Experiment

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Chapter 9
EXPERIMENTS
McGraw-Hill/Irwin
Copyright © 2014 by The McGraw-Hill Companies, Inc. All rights reserved.
Learning Objectives
Understand . . .
 Uses for experimentation.
 Advantages and disadvantages of the
experimental method.
 Seven steps of a well-planned experiment.
 Internal and external validity with experimental
research designs.
 Three types of experimental designs and the
variations of each.
9-2
Pull Quote
“This is a time of [e-book app]
experimentation. I’d be really
disappointed if we weren’t seeing both
successes and failures. I do think that
everyone seems to be looking at these
differently.”
Barbara Marcus, consultant and adviser,
Open Road Integrated Media
9-3
Causal Evidence
Agreement between
IVs and DVs
Time order of occurrence
Extraneous variables
did not influence DVs
9-4
Causal Evidence?
9-5
Evaluation of Experiments
Advantages
Disadvantages
 Ability to manipulate IV
 Artificiality of labs
 Use of control group
 Non-representative
 Control of extraneous
variables
 Replication possible
 Field experiments
possible
sample
 Expense
 Focus on present and
immediate future
 Ethical limitations
9-6
Experimentation
in the Research
Process
9-7
Conducting an Experiment
Specify treatment variables
Specify treatment levels
Control environment
Choose experimental design
Select and assign participants
Pilot-test, revise, and test
Collect data
Analyze data
9-8
Experiment: Placement of Benefits
Module
9-9
Selecting and Assigning Participants
Random
assignment
Matching
9-10
Random Assignment
Equal and known
chance of being
assigned to any group
in the experiment
9-11
Quota
Matrix
Example
9-12
Measurement Options
Observation
Physiological
measures
Paper-andpencil tests
Options
Scaling
techniques
Selfadministered
instruments
9-13
Validity in Experimentation
Internal
External
9-14
Threats to Internal Validity
Maturation
Experimental
mortality
History
Threats
Statistical
regression
Testing
Instrumentation
Selection
9-15
Additional Threats to Internal Validity
Diffusion of treatment
Compensatory equalization
Compensatory rivalry
Resentful disadvantaged
Local history
9-16
Threats to External Validity
Reactivity of
testing on X
Interaction of
selection and X
Other
reactive factors
9-17
Experimental Research Designs
Pre-experiments
True experiments
Field experiments
9-18
After-Only Case Study
X
O
Pre-experiment
9-19
One Group Pretest-Posttest
O1
X
O2
Pre-experiment
9-20
Static Group Comparison
X
O1
O2
Pre-experiment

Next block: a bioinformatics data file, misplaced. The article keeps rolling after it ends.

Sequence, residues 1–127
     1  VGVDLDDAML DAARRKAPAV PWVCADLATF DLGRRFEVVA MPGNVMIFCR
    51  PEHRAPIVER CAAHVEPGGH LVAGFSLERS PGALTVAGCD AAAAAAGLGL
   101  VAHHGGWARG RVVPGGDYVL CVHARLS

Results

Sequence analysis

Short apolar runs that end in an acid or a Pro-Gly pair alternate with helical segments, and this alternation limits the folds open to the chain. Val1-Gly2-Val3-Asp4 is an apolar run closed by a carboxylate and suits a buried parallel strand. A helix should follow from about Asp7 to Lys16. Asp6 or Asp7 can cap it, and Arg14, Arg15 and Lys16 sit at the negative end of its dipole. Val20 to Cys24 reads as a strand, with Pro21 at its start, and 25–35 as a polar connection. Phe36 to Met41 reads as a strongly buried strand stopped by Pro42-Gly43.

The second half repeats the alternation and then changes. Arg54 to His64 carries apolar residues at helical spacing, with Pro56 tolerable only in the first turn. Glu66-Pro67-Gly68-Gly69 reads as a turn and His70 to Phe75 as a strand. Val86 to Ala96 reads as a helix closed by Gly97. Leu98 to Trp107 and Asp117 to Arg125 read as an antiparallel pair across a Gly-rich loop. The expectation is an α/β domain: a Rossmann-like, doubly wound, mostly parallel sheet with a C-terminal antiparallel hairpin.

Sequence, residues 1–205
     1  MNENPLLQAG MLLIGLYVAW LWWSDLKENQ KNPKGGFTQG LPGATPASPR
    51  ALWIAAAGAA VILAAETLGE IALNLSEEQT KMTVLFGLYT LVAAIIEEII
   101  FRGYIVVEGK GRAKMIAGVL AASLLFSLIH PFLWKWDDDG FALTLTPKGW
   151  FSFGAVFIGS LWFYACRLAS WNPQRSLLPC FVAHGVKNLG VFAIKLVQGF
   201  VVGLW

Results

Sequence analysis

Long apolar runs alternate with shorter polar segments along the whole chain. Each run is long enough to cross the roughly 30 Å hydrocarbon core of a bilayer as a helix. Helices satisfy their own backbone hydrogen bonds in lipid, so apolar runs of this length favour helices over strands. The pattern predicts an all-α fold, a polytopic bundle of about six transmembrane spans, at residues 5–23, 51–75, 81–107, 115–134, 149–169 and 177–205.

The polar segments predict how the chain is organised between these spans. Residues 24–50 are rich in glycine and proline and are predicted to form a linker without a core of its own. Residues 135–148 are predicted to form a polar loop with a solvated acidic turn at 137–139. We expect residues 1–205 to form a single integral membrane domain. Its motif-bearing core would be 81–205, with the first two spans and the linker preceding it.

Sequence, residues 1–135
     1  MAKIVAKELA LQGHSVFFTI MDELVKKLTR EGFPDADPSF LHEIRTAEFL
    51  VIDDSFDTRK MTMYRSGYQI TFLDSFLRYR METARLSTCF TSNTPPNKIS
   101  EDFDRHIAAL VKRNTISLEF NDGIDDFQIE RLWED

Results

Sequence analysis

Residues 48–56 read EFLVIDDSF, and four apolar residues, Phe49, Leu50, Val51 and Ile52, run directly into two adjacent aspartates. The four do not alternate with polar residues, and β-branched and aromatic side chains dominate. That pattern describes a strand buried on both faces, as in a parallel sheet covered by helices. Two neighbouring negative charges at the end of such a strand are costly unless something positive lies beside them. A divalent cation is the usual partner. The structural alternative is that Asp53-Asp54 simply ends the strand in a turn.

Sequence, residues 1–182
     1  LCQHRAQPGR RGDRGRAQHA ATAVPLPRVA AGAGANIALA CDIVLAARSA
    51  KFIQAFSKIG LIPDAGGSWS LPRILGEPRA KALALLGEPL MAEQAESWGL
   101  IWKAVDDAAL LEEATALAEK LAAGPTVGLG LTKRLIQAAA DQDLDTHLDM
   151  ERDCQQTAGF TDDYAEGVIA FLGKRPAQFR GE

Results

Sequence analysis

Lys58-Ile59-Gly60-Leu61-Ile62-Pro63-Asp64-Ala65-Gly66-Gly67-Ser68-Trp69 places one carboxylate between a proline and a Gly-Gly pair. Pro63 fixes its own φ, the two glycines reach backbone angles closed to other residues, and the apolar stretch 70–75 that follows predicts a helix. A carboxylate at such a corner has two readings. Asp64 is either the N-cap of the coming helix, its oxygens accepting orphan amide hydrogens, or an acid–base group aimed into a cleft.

9-21
Pretest-Posttest
Control Group Design
R
R
O1
O3
X
O2
O4
True experiment
9-22
Posttest-Only with Control Group
R
R
X
O1
O2
True experiment
9-23
Nonequivalent Control Group Design
O1
O3
X
O2
O4
Field experiment
9-24
Separate Sample
Pretest-Posttest
R
R
O1
(X)
X
O2
Field experiment
9-25
Group Time Series Design
R
R
O1 O2 O3 X O4 O5 O6
O7 O8 O9
O10 O11 O12
Field experiment
9-26
Close-Up:
A Job Enrichment Quasi-Experiment
9-27
Key Terms
 Blind
 Experiment
 Control group
 Experimental
 Controlled test
treatment
 External validity
 Field experiment
 Hypothesis
 Independent variable
 Internal validity
market
 Dependent variable
 Double-blind
 Environmental
control
9-28
Key Terms
 Matching
 Operationalized
 Quota matrix
 Random assignment
 Replication
 Test market
 Electronic test
market
 Simulated test
market
 Standard test market
 Virtual test market
 Treatment levels
 Web-enabled test
market
9-29
Chapter 9
ADDITIONAL DISCUSSION OPPORTUNITIES
McGraw-Hill/Irwin
Copyright © 2014 by The McGraw-Hill Companies, Inc. All rights reserved.
Research Thought Leaders
“There is no such thing as a failed
experiment, only experiments with
unexpected outcomes.”
Richard Buckminster Fuller,
engineer and architect
9-31
Research Thought Leaders
“We need to keep an open mind and approach
life as a series of experiments. We need to
observe the experiments happening around us
and create new ones. Instead of accepting the
world as we think it is, we need to keep testing it
to find out what it is and what works .”
Jerry Wind
Wharton School of Business,
University of Pennsylvania
9-32
PulsePoint: Research Revelation
45
The percent of smartphone users who
check their e-mail before they get
dressed.
9-33
Snapshot: Online Dating
9-34
Snapshot: Email Subject Line
9-35
Snapshot: Wendy’s Burger Test Market
Test market selection
Do you want average?
Diversity
Funky culture
Creativity
Corporate Culture
9-36
Snapshot: Power of Message on
Beverage Consumption
Signs on beverage coolers
Did you know a bottle of
soda or fruit juice . . .
Has about 250 calories
(treatment #1)
Has 10% of daily calories
(treatment #2)
Takes 50 minutes of running
to work off (treatment #3)
9-37
Snapshot: Refining Store Design
9-38
Snapshot: The Right Size of Flavor
9-39
Chapter 9
EXPERIMENTS
McGraw-Hill/Irwin
Copyright © 2014 by The McGraw-Hill Companies, Inc. All rights reserved.
Photo Attributions
Slide Source
5 Courtesy of CfMC Research Software
11 Ingram Publishing
16 Purestock/SuperStock
20 Schedivy Pictures Inc./Getty Images
36 Royalty-Free/Corbis
37 Copyright ©Foodcollection
39 Courtesy of TGI Fridays
9-41
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